Fluorouracil is used to treat cancer of the breast, colon, head and neck, pancreas, rectum and stomach.
Fluorouracil reduces the size of the tumour by stopping cancer cells from growing.
It may be used on its own or together with other cancer medicines.
Take Fluorouracil exactly as directed by your doctor. Do not take more or less than instructed by your doctor.
Follow your doctor's instructions carefully. Do not stop taking this medicine unless your doctor has advised you to do so.
Fluorouracil solution may be taken orally mixed with water, grape juice or any soft drink. Generally, it is best that you take the solution undiluted followed by a thorough rinsing of your mouth. You may rinse your mouth with a soft drink after taking Fluorouracil.
Take the missed dose as soon as you remember. If it is almost time for your next dose, skip the missed dose and return to your normal dosing schedule. Ask your doctor about what you should do if you miss a dose.
DO NOT double a dose under any circumstances.
Remember to take your medicine regularly. Fluorouracil must be taken exactly as directed by your doctor in order for it to be effective in treating your cancer. If you often forget to take your medicine, inform your doctor or pharmacist.
Do not take Fluorouracil if you are pregnant or planning to have a baby soon. If you become pregnant while being treated with Fluorouracil, alert your doctor immediately. Fluorouracil may cause harm to your unborn child. Avoid pregnancy during and for 1 month after stopping treatment. Both men and women must use proven birth control methods while being treated with Fluorouracil. You may wish to discuss birth control methods with your doctor.
Alert your doctor if you are breastfeeding. Do not breastfeed while you are being treated with Fluorouracil.
Alert your doctor if you have been told that your body does not have the enzyme DPD (dihydropyridimidine dehydrogenase).
Alert your doctor immediately if you ever had an allergic reaction with another cancer medicine called capecitabine. Fluorouracil may not be suitable for you if you ever had an allergic reaction to capecitabine.
Alert your doctor if you have liver, kidney or heart disease.
For as long as you are being treated with Fluorouracil, you will need to have regular blood tests to check your body's response to the medicine. Your doctor will advise you about how often you will need to have the blood tests.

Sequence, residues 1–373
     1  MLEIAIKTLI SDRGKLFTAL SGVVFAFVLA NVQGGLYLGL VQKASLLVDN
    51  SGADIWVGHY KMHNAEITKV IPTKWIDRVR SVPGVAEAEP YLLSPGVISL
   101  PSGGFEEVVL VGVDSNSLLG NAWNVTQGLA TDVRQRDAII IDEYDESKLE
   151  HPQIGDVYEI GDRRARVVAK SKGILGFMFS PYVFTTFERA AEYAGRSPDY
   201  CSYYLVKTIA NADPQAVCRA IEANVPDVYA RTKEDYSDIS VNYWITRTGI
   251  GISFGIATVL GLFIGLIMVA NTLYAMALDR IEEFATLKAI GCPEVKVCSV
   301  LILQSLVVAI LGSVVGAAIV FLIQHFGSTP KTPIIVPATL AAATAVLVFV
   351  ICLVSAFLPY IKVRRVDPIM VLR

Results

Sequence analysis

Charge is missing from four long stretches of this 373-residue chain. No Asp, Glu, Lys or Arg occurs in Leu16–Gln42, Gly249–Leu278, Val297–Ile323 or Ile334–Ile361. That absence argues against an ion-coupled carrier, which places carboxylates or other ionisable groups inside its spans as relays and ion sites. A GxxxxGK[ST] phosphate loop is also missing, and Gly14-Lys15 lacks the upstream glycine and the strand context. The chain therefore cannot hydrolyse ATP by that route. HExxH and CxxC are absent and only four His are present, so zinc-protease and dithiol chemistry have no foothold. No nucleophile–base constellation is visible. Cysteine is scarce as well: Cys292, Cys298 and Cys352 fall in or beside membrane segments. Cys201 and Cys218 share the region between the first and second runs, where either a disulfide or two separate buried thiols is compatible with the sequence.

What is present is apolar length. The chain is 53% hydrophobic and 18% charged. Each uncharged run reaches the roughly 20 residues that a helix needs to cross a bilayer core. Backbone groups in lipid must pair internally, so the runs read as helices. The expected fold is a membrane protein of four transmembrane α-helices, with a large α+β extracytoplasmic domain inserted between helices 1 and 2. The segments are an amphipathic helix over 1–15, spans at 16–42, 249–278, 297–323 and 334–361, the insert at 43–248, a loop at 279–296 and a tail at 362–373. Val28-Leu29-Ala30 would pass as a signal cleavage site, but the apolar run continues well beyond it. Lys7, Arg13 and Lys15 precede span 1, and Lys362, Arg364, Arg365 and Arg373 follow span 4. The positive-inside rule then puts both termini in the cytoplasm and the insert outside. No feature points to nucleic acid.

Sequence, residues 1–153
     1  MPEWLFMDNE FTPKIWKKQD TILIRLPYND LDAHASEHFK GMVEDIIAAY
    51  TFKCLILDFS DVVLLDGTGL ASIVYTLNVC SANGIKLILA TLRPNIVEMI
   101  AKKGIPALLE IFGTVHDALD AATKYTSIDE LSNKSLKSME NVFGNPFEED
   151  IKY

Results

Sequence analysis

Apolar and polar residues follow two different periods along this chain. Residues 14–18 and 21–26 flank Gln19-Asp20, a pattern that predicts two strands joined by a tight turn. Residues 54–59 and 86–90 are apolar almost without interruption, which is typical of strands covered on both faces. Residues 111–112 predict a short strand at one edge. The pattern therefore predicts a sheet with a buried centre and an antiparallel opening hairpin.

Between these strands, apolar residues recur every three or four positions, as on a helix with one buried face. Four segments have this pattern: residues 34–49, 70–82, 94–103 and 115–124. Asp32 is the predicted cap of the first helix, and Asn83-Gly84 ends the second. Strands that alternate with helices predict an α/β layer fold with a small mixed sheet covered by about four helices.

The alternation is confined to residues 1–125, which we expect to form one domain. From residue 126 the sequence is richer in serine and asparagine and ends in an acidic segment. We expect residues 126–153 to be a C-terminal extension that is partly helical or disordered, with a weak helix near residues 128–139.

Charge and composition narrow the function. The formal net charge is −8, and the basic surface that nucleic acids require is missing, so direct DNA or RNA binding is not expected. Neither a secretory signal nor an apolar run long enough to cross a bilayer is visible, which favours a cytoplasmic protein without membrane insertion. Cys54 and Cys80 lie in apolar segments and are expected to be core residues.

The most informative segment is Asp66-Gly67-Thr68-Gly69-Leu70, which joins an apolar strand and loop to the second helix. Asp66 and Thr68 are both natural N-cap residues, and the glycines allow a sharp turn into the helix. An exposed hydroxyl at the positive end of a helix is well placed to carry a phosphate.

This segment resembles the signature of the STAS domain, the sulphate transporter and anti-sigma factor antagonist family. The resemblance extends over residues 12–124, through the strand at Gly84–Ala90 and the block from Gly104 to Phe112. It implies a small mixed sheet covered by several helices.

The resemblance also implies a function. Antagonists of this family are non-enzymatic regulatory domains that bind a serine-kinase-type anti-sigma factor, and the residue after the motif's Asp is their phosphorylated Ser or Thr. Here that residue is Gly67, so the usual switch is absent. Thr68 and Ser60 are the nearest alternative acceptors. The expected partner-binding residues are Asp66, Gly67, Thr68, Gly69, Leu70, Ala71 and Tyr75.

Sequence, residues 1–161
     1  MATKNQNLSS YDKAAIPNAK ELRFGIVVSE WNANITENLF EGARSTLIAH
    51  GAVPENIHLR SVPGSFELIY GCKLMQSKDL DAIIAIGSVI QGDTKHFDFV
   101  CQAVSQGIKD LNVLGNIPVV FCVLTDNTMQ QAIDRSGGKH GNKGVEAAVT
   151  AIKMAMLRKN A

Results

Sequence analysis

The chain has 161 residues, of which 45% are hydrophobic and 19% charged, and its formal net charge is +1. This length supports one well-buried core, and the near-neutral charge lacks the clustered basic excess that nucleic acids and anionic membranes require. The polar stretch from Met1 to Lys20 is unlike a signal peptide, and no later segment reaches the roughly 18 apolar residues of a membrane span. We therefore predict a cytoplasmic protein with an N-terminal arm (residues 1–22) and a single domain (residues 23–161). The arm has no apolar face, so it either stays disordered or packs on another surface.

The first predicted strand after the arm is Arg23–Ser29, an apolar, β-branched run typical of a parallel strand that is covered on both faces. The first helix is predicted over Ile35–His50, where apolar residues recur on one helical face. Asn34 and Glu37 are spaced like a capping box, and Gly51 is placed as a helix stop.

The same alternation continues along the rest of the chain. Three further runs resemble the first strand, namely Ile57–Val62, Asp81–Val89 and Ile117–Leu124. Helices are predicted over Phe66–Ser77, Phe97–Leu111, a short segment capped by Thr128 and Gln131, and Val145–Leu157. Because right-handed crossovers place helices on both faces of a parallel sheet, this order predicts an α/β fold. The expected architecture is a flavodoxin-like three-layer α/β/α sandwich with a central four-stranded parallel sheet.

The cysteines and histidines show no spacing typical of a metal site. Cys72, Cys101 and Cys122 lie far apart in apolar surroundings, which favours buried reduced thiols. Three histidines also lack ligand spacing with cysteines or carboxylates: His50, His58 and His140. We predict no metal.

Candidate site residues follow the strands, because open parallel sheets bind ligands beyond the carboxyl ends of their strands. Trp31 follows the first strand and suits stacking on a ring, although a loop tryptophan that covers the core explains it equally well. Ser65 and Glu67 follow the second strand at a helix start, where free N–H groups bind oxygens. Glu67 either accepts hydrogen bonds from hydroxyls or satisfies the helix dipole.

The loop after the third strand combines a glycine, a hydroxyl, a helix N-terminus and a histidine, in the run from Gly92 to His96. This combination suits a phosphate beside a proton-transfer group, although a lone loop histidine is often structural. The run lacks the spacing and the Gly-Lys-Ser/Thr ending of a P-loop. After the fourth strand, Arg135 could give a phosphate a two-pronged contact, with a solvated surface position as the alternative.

Do not have any vaccinations without first asking your doctor.
Fluorouracil will cause the level of your red blood cells, white blood cells and platelets to drop.
Red blood cells carry oxygen and nutrients around your body. When the level of red blood cells fall, you may often feel tired and weak.
White blood cells help your body to fight infections. When the level of your white blood cells drops, it may put you at higher risk for infections, such as coughs, colds and flu, which may lead to more serious infections. Avoid crowded places and people who are sick. Alert your doctor if you have a fever, or a cough or flu that does not go away.
Platelets help your blood to clot when there is a cut in the skin. When the level of your platelets drops, you may be at risk of bleeding more than usual. Do not participate in activities in which you may fall or get injured, such as contact sports. Alert your doctor if you get any unusual bruising (large bruises or several bruises) or bleeding that takes a long time to stop (for example, too much bleeding when you floss or brush your teeth).
Common side effects with Fluorouracil include diarrhoea, stomach pain, nausea, vomiting, mouth or tongue ulcers, loss of appetite, headache and tiredness. Your hair may also become thin, dry and brittle.
You may also develop a condition known as the "hand and foot syndrome" where you feel numbness, tingling, pain, redness and swelling in the palms of your hand and soles of your feet.
Contact your doctor immediately if you develop any of these symptoms:
- severe diarrhoea (more than 4 times in a day)
- severe vomiting (more than 1 episode in a day)
- severe "hand and foot syndrome" which prevents you from carrying out your daily activities
- several mouth or tongue ulcers
- poor appetite or a total loss of appetite
- a fever of 38 °C (100.5°F) or higher
Fluorouracil may also cause your skin to become more sensitive to the sun. Avoid direct exposure to the sun.
Fluorouracil may increase the effect of blood-thinning medicines such as warfarin. Your doctor will need to check your blood levels more often and adjust the dose of your blood-thinning medicine if needed.
Alert your doctor if you are taking any other medicines, for example:
- epilepsy medicines such as phenytoin
- antacids which contain aluminum hydroxide or magnesium hydroxide
- folic acid
- a cancer medicine called leucovorin
Always inform your doctor and pharmacist if you are taking any other medicines, including herbal tonics, supplements and medicines that you buy without a prescription.
Store in a cool, dry place away from the reach of children.
Medicines must not be used past the expiry date.
As Fluorouracil is a cancer medicine, always return any unused or expired solution to the clinic, hospital or pharmacy for disposal. Do not throw it away in the normal household waste.